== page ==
Excerpt from The Tale of Despereaux
by Kate DiCamillo

THIS STORY BEGINS within the walls of a castle, with the birth of a mouse. A small mouse. The last mouse born to his parents and the only one of his litter to be born alive.

[I love this opening line. The narrator states the setting  and introduces us to something remarkable right from the get go.] 

“Where are my babies?” said the exhausted mother when the ordeal was through. “Show to me my babies.”

The father mouse held the one small mouse up high.

[The words are simple. Any second grader could write a sentence like this, but in context that simplicity has power and all the emotion.]

“There is only this one,” he said. “The others are dead.”

“Mon Dieu, just the one mouse baby?”

“Just the one. Will you name him?”

“All of that work for nothing,” said the mother. She sighed. “It is so sad. It is such the disappointment.” She was a French mouse who had arrived at the castle long ago in the luggage of a visiting French diplomat. “Disappointment” was one of her favorite words. She used it often.

“Will you name him?” repeated the father.

“Will I name him? Will I name him? Of course, I will name him, but he will only die like the others. Oh, so sad. Oh, such the tragedy.”

The mouse mother held a handkerchief to her nose and then waved it in front of her face. She sniffed. “I will name him. Yes. I will name this mouse Despereaux, for all the sadness, for the many despairs in this place. Now, where is my mirror?”

Her husband handed her a small shard of mirror. The mouse mother, whose name was Antoinette, looked at her reflection and gasped aloud. “Toulèse,” she said to one of her sons, “get for me my makeup bag. My eyes are a fright.

[Again ridiculous. All her babies died except one and she is worried about her makeup?]

While Antoinette touched up her eye makeup, the mouse father put Despereaux down on a bed made of blanket scraps. The April sun, weak but determined, shone through a castle window and from there squeezed itself through a small hole in the wall and placed one golden finger on the little mouse.

[Personification! All these authors use such excellent personification.] 

Excerpt from The Graveyard Book
by Neil Gaiman

There was a hand in the darkness, and it held a knife. 

[A disembodied hand. This definitely got my attention and makes me want to read on to learn more about this hand.] 

The knife had a handle of polished black bone, and a blade finer and sharper than any razor. If it sliced you, you might not even know you had been cut, not immediately. 
The knife had done almost everything it was brought to that house to do, and both the blade and the handle were wet. 

[Look at this personification! First a disembodied hand. Now a knife doing all the work. This build up is great!]

The street door was still open, just a little, where the knife and the man who held it had slipped in, and wisps of nighttime mist slithered and twined into the house through the open door.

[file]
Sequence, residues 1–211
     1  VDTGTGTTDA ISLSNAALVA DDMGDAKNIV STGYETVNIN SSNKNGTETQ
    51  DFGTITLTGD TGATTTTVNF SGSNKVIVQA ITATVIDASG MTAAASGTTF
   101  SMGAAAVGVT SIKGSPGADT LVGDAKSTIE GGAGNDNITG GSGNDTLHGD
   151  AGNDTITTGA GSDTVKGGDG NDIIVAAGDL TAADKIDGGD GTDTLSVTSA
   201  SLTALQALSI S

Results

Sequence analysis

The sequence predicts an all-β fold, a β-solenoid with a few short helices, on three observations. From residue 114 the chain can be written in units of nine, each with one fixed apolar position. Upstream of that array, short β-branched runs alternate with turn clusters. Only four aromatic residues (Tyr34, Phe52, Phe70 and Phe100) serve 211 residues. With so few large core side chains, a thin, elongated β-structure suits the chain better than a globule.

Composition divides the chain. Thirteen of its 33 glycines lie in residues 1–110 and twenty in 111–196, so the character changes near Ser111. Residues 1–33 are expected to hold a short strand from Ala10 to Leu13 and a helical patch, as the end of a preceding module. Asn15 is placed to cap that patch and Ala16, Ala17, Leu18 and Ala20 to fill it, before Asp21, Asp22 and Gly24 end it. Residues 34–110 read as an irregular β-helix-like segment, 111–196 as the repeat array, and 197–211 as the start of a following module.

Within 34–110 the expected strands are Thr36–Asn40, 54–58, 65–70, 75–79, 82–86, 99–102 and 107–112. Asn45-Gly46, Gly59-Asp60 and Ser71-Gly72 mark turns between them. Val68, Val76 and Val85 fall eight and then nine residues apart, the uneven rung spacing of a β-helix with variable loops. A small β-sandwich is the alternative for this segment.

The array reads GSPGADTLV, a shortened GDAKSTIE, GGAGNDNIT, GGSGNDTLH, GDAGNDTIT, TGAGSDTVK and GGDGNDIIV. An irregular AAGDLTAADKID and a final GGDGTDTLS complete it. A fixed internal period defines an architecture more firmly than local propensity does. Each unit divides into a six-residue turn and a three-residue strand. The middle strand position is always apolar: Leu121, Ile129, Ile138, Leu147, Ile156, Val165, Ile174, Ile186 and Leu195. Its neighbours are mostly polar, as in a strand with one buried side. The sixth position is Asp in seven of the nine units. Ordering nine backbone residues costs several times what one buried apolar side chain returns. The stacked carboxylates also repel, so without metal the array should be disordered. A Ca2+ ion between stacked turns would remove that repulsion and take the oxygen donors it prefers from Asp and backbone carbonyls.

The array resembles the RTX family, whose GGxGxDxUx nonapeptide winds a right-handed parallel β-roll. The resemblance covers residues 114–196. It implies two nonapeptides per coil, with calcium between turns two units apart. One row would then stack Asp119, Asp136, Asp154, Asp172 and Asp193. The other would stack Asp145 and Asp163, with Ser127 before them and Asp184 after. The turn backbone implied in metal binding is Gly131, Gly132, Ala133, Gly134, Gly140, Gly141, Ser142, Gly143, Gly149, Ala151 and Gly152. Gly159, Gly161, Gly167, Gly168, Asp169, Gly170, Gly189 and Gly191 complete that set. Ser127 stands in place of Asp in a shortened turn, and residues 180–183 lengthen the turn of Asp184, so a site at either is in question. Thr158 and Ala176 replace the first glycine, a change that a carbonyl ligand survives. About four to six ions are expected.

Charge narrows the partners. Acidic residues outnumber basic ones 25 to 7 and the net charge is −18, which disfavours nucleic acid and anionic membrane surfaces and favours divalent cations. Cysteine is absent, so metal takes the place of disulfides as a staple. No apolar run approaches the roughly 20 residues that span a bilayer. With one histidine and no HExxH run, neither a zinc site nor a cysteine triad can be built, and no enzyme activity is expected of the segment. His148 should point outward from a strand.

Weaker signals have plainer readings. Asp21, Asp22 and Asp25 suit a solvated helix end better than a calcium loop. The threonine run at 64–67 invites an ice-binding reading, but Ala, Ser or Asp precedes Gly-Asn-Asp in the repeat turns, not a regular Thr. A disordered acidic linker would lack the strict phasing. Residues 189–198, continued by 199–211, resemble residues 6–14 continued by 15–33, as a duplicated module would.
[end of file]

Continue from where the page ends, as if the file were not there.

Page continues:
[more personification with really vivid action verbs.]

The man Jack paused on the landing. With his left hand he pulled a large white handkerchief from the pocket of his black coat, and with it he wiped off the knife and his gloved right hand which had been holding it; then he put the handkerchief away. The hunt was almost over. He had left the woman in her bed, the man on the bedroom floor, the older child in her brightly colored bedroom, surrounded by toys and half-finished models. That only left the little one, a baby barely a toddler, to take care of. One more and his task would be done.

He flexed his fingers. The man Jack was, above all things, a professional, or so he told himself, and he would not allow himself to smile until the job was completed.

Again we have the juxtaposition of a serious topic (murder) and ridiculousness (professionals don’t smile).

So what have these writers been doing that we can learn from?

Description Fairy tale style narrative

If you wish to write this kind of story these are some ideas to play with to mimic the masters of description: 

  • 3rd person omniscient
  • Use personification heavily 
  • Simple words and phrases are elegant and clean
  • Creatively draw readers in with your first sentence. Actually, each sentence thereafter continues to draw the reader onward. 
  • Juxtaposition a sweet story with really morbid turns of phrase like, “Babies won’t sacrifice themselves.”
  • Horrible characters–“her babies died yet worried about makeup” This is really a hyperbole of bad people. 

I could go on and on, but it is Friday and I need to get this posted. Maybe one day I’ll do a part 2 post. I have Katherine Arden’s book Small Spaces sitting on my nightstand. That book made the Lone Start List for 2020, so I’m sure it will be amazing!


If you like this style, give it a try. Write a page, 3rd person omniscient. Pick another 2 or three elements to mimic.

(Book Review on Bear and the Nightingale click here.)